News Column

Working on Thin Air

October 2004, HISPANIC BUSINESS Magazine

Scott Williams

Sony TR3A NotebookIntel Centrino wireless technology sets this laptop apart.
Sony TR3A NotebookIntel Centrino wireless technology sets this laptop apart.

Traveling professionals and efficiency-minded CEOs take heart: Wireless electronic devices are getting faster, smaller, and cheaper – and the infrastructure to support them is becoming more widely available.

"I jokingly say, 'As long as I have my American Express card, an Internet connection, and my Fed-Ex account I can work anywhere in the world,'" says Andy Abramson, CEO of Comunicano Inc., a Del Mar, California, advertising, marketing and public relations firm.

To accommodate growing demand by executives such as Mr. Abramson for an increasingly flexible and mobile work place that can compete in today's fast-paced global market, manufacturers are cranking out a variety of innovations. Laptops that connect to the Internet via rapidly spreading WiFi technology are getting lighter and less expensive. Makers of handheld computers have begun to include features such as cell phones, cameras, and global positioning systems.

And to support it all, wireless "hot spots" are pushing beyond transportation hubs and convention centers into apartment complexes – and even entire municipalities. Hermiston County, Oregon, recently installed 75 towers to transmit signals over a 600-square-mile area, and Rio Rancho, New Mexico, unveiled a 103-square-mile network. Other cities – including Washington, D.C., and San Diego – are using EV-DO, a Verizon Wireless signal system based on third-generation cellular technology.

Wireless access is in such demand that technology research firm Gartner Inc. estimates the United States will have more than 21,000 wireless "hot spots" by the end of this year – up from about 1,000 just three years ago. That would make the United States the world leader in "hot spots," with three times as many as No. 2 Great Britain.


Garmin iQue 3200 Global Positioning System
This handheld device is integrated with a Palm personal digital assistant for business users. The iQue 3200 ($535.70) features a 200 MHz processor, a Palm OS 5.2.1 operating system, and 32 MB of memory.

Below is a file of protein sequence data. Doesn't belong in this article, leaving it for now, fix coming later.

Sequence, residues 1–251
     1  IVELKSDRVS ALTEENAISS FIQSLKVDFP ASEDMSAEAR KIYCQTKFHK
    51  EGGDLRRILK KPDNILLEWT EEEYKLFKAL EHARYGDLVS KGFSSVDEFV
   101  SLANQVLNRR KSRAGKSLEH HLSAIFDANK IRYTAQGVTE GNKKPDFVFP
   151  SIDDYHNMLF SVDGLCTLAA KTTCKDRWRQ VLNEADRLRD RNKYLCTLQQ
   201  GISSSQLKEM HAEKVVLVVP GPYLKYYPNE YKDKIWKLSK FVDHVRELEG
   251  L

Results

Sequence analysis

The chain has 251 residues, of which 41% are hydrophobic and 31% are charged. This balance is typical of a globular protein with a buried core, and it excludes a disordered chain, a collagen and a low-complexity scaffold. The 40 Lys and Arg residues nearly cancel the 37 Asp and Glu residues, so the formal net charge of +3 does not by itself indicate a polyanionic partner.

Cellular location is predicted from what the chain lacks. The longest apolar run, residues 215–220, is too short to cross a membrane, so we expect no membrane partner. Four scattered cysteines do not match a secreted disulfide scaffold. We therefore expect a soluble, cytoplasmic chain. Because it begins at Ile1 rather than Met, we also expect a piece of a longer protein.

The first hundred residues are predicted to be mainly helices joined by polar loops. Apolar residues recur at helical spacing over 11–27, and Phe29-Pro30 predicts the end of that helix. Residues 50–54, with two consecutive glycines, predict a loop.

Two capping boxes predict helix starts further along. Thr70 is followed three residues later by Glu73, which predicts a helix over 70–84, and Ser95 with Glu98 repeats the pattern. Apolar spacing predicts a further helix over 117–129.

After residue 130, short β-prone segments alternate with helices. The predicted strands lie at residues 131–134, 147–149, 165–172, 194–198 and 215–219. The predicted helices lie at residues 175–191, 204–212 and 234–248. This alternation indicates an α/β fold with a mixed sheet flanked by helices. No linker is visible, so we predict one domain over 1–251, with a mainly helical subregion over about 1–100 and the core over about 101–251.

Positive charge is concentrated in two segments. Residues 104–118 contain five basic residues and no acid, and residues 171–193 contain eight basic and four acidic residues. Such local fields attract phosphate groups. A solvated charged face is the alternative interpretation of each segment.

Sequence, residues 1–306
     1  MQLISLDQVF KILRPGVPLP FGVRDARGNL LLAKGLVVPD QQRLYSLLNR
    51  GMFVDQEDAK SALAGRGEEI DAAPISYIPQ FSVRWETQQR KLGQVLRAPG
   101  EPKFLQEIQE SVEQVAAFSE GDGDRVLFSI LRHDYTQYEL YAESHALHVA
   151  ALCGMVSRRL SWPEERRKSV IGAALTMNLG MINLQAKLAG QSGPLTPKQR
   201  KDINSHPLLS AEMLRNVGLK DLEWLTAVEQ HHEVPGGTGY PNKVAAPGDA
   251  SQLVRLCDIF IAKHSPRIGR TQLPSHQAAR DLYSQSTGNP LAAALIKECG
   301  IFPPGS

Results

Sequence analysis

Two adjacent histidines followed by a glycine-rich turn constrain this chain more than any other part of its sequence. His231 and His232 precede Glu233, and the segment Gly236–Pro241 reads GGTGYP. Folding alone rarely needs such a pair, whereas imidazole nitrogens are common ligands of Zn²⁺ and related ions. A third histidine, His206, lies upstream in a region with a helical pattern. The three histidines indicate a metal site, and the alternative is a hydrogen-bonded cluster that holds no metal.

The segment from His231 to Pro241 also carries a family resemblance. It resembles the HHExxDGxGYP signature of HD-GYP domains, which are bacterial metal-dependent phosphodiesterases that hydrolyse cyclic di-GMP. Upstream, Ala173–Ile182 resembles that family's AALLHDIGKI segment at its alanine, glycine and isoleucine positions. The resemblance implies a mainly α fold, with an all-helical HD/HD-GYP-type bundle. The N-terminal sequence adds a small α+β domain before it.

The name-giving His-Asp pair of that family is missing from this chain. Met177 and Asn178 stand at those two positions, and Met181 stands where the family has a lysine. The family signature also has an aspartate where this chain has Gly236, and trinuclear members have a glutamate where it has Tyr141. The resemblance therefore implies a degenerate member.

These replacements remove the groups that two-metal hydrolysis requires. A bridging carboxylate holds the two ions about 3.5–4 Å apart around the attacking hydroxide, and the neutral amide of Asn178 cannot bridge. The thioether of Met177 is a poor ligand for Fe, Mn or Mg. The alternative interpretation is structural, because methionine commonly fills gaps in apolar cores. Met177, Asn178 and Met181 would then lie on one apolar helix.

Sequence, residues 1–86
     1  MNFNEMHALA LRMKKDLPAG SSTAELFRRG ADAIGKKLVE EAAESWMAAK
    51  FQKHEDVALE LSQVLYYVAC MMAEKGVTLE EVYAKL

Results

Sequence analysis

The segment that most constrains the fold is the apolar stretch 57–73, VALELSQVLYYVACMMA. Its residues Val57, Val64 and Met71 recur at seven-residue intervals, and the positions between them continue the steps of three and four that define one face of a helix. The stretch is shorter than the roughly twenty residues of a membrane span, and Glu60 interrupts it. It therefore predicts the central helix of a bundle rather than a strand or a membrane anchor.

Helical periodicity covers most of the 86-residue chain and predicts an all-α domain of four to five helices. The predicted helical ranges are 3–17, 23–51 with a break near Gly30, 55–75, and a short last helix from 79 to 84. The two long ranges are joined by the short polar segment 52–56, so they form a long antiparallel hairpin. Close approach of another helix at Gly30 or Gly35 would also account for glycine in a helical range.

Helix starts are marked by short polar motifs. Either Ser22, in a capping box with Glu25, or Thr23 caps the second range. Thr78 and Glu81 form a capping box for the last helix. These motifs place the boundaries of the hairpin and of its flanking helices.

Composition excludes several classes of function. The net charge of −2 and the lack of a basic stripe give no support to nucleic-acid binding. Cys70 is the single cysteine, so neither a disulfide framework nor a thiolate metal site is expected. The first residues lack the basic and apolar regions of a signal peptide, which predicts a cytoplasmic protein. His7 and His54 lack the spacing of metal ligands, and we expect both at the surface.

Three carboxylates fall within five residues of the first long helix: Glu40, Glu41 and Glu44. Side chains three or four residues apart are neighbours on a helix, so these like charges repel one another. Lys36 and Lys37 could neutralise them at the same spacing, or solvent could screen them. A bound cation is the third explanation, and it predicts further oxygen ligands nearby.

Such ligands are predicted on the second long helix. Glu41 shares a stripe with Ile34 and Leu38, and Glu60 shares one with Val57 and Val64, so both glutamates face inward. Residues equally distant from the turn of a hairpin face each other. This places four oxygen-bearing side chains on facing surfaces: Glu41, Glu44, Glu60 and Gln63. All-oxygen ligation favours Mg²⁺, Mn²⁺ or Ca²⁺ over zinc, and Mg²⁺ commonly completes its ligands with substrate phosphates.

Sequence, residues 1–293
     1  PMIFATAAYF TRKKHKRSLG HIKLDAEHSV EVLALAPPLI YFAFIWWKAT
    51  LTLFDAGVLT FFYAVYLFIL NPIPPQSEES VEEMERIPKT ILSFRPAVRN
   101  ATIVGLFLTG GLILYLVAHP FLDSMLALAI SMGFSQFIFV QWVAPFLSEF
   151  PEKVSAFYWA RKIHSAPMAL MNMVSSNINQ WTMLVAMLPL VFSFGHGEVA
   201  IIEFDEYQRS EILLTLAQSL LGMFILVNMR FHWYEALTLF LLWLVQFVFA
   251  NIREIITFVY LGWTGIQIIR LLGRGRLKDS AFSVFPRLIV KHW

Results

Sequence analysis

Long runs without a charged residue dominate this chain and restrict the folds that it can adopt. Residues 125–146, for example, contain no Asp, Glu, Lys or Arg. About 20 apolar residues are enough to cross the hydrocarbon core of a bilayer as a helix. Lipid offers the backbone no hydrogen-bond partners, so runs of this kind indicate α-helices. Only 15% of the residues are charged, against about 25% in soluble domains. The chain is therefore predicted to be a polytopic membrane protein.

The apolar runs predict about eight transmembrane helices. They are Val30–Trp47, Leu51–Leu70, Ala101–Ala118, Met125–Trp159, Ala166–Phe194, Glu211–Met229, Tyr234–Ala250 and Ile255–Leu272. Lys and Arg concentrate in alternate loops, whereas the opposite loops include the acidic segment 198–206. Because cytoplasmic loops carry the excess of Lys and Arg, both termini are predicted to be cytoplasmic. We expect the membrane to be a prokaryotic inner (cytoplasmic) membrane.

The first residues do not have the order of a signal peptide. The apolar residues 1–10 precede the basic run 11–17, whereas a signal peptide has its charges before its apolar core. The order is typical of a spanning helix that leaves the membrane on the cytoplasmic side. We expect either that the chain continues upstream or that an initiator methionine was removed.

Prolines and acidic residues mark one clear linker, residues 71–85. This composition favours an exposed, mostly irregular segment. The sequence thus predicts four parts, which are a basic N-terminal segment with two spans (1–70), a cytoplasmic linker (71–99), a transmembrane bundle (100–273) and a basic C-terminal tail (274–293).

PCNet Inc., a Trumbull, Connecticut, company that ranks No. 114 on the Hispanic Business 500®, is taking advantage of the technological advances. The company has issued BlackBerry handheld computers to 12 of its 60 employees, mostly sales personnel and upper management. Its sales force also uses laptops that can access the Internet remotely, and the company even has set up wireless access points at its sales offices in Connecticut and Florida.

"We provide wireless access points in those offices so that any of our people can walk into our other locations and get direct connections without having to look for cable and do any types of configuration changes," says Matt Soto, the company's director of information technology.


SanDisk Cruzer Titanium

This USB 2.0 high-speed flash drive ($199.99) lets users download and store files on a device small enough to fit on a keychain.

Tessada and Associates, an information technology and support-services firm in Springfield, Virginia, decided against making a similar investment. Marketing director Chuck Petrilla said that, although the company has some laptops with wireless connectivity, it could not justify spending an additional $8,000 on BlackBerries and other wireless technology.

Prices for electronic devices are generally dropping, particularly for devices that use older technologies such as digital photography, says Carl Lan, carrier marketing manager for palmOne, maker of the Treo line of multi-function handhelds. "As [the technology] gets better, the prices are going to go down," he says. But he adds that products requiring new software and greater versatility still come at a premium.

Meanwhile, cell phones, PDAs, and media players are starting to blend into one another to create devices that Mr. Abramson calls the "Swiss Army knives of the mobile professional."

Mirra Personal Server

Mirra Personal Server

Allows remote access to computer files, as well as file protection, restoration of lost files, and searches for earlier versions. The $399 device allows users to share files via the Internet and download remotely from any Web browser.

One recent example is the HP iPAQ h6315 Pocket PC. T-Mobile USA Inc. and Hewlett Packard have teamed up to deliver a 6-ounce device featuring voice calling, WiFi detection, Internet connectivity, instant-message chatting, an MP3 player, a digital camera, a keypad, and 64 megabytes of data storage. The device competes with the BlackBerry and the Palm Treo 600.

Peter Rojas, editor-in-chief of New York-based Web magazine also notes developments with the Sony TR3A laptop. The laptop uses Intel Centrino wireless technology (a combination of three technologies that allows for wireless connectivity) either from a built-in chip, a WiFi card, or USB adapter.

Kensington Wi FI Detector

Kensington WiFi detector

This palm-size device lights up when a location is "hot," or WiFi-connected ($29.99). Without need for software or a computer, it detects signals up to 200 feet away.

Another factor making work easier for the mobile professional is the diminution of storage media that makes it easier for people to take their computer files with them. Mr. Abramson recommends the 512-megabyte capacity SanDisk Cruzer Titanium USB Flash Drive, which, at three inches long, fits on a keychain and holds files that can be accessed from a computer anywhere.

"The ability to get up and go work someplace else is here," Mr. Abramson says. "We're not bounded by four walls and a solo connection any longer."


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